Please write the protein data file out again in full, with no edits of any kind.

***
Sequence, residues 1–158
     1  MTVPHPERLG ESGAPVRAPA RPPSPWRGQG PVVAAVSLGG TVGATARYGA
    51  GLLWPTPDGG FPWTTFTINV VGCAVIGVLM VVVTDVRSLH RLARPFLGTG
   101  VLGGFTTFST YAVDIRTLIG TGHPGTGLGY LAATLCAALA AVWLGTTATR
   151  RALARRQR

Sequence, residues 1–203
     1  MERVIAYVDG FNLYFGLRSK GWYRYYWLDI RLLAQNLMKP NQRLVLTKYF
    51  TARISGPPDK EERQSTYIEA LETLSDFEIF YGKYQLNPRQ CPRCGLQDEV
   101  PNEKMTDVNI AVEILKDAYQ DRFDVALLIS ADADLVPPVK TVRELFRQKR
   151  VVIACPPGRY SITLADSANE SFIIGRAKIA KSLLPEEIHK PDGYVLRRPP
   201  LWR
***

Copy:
Sequence, residues 1–158
     1  MTVPHPERLG ESGAPVRAPA RPPSPWRGQG PVVAAVSLGG TVGATARYGA
    51  GLLWPTPDGG FPWTTFTINV VGCAVIGVLM VVVTDVRSLH RLARPFLGTG
   101  VLGGFTTFST YAVDIRTLIG TGHPGTGLGY LAATLCAALA AVWLGTTATR
   151  RALARRQR

Sequence, residues 1–203
     1  MERVIAYVDG FNLYFGLRSK GWYRYYWLDI RLLAQNLMKP NQRLVLTKYF
    51  TARISGPPDK EERQSTYIEA LETLSDFEIF YGKYQLNPRQ CPRCGLQDEV
   101  PNEKMTDVNI AVEILKDAYQ DRFDVALLIS ADADLVPPVK TVRELFRQKR
   151  VVIACPPGRY SITLADSANE SFIIGRAKIA KSLLPEEIHK PDGYVLRRPP
   201  LWR